Joseph Abboud is thinking.
His left index finger and thumb are on his forehead; a frown crosses his face. He leans forward on a table strewn with sketches and fabric samples, listening intently as his staff designers discuss the next line of J.O.E.—Just One Earth— sportswear.
He rocks back in his chair, hands under his arms now. Silently, he takes in the discussion of colors, collars, shades, yarns, threads and textures. Then, as if a dam has broken, he bursts into rapid-fire comments and sharp questions.
"We need to have a natural color in these knit shirts that will go with the pants," he says, pointing to some fabric swatches. "I like the stony hue of this group. But I want to see this in jute and melange."
The designers nod and take notes. The session moves on and picks up steam again.
"Time out, time out," he barks, growing slightly irritated. "Are you telling me this is the color before the yarn is dyed?"
Pointing to another shirt, he says, "That looks good. Can we have that in a short-sleeved polo and that other in a long sleeve with a round Henley collar?"
Later, the frown returns. "I don't like that stripe. Take that off the table. I said I wanted linen in this group."
In his New York offices above Fifth Avenue, most days are pressure cookers, he admits. But then Joseph Abboud is not only the most prominent Arab-American in high fashion today: He is one of the most prominent—and still promising—designers around.
It was in 1986 that he launched his company, called simply "Joseph Abboud." Two years later, he won the Cutty Sark Award for most promising US menswear design. In 1989, he earned the Woolmark Award for distinguished fashion. In both 1990 and 1991, he took the prestigious Designer of the Year Award for menswear from the Council of Fashion Designers.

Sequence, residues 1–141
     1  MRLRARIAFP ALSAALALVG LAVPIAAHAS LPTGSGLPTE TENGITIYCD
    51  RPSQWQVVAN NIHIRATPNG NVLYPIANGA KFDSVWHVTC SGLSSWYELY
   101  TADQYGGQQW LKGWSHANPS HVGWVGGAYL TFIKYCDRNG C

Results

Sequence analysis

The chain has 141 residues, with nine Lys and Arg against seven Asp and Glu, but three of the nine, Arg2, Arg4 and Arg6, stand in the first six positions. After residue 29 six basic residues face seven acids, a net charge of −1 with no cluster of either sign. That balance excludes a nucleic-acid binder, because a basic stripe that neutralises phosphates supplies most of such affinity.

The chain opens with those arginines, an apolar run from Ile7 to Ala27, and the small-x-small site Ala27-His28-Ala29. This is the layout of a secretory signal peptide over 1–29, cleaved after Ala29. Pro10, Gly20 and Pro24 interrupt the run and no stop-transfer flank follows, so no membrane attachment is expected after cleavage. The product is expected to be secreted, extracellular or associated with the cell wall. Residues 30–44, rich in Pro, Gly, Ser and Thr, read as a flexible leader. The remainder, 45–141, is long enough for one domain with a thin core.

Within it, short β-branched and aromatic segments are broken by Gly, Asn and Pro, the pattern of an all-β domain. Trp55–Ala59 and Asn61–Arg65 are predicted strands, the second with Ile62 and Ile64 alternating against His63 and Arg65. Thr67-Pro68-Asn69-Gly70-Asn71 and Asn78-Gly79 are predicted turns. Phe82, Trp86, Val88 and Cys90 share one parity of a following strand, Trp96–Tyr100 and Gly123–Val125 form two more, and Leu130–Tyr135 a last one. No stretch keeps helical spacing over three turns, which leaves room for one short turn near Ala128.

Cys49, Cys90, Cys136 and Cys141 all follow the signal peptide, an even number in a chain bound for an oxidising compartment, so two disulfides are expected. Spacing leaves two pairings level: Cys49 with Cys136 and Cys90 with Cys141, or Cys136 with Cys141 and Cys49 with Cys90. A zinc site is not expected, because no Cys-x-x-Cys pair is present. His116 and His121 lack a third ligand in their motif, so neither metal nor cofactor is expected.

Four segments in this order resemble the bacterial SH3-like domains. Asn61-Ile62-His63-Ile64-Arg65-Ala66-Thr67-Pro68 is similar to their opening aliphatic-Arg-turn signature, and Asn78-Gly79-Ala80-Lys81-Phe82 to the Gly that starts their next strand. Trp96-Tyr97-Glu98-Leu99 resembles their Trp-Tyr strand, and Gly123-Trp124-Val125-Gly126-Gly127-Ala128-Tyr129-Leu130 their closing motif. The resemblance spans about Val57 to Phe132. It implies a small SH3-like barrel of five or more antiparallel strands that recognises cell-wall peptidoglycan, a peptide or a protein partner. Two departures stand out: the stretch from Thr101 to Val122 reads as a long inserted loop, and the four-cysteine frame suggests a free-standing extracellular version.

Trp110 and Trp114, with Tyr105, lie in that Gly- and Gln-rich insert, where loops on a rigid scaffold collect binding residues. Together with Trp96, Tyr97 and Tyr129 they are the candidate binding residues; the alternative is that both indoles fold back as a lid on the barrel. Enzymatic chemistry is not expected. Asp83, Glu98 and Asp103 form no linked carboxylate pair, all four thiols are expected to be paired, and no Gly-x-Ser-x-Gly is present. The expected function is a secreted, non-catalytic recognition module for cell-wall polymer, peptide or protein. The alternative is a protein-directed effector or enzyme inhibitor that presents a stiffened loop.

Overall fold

"I've been blessed with a lot of success," Abboud says modestly. "Creating clothes will always be something of a mystery to me. But I think my best work is yet to come."
Abboud's company now also makes women's clothes, bathwear, ties, shoes, cologne and eyeglass frames. This year, it will notch up sales of more than $75 million worldwide. The Abboud label can be found from Tokyo to New York, and from Riyadh to Sydney and Buenos Aires.
Still, he keeps only a single retail store—in Boston, his home town. It's on Newbury Street, a short distance from Boston Common and cheek-to-jowl with other, better-known fashion outlets such as Giorgio Armani, Alfred Dunhill and Charles Sumner.
It was not far from here that Abboud grew up as the son of second-generation Lebanese parents, in the city's rough-and-tumble South End. Mara, one of his three sisters, recalls that their parents spoke Arabic when they didn't want the kids to know what they were discussing. Joseph attended predominantly Irish-Catholic schools.
"It was a mixed neighborhood," he recalled. "There were kids of all races, even a few Arabs. I never felt any sort of discrimination as a child, though sometimes kids would say 'What's a Lebanese?'"
Even as a child, Abboud says, he was opinionated and stubborn about what clothes he wanted to wear, but he had no plans, growing up, to work in the fashion industry.
"I've always loved clothes," he says. "But as for a career, I thought I'd be teaching comparative literature at some small college in New England at this point in my life. I'd always sketched a little, but I never took any design courses.
"When I was a kid, I was much more into football and baseball than design. Fashion wasn't part of my life at all."
But while a student at the University of Massachusetts, Abboud worked part-time at Louis of Boston, a local clothing store, just a stone's throw from where his own shop now stands. He graduated with honors, and went off to Paris to attend the Sorbonne. It was there that he became enamored with the sophisticated elegance of European style.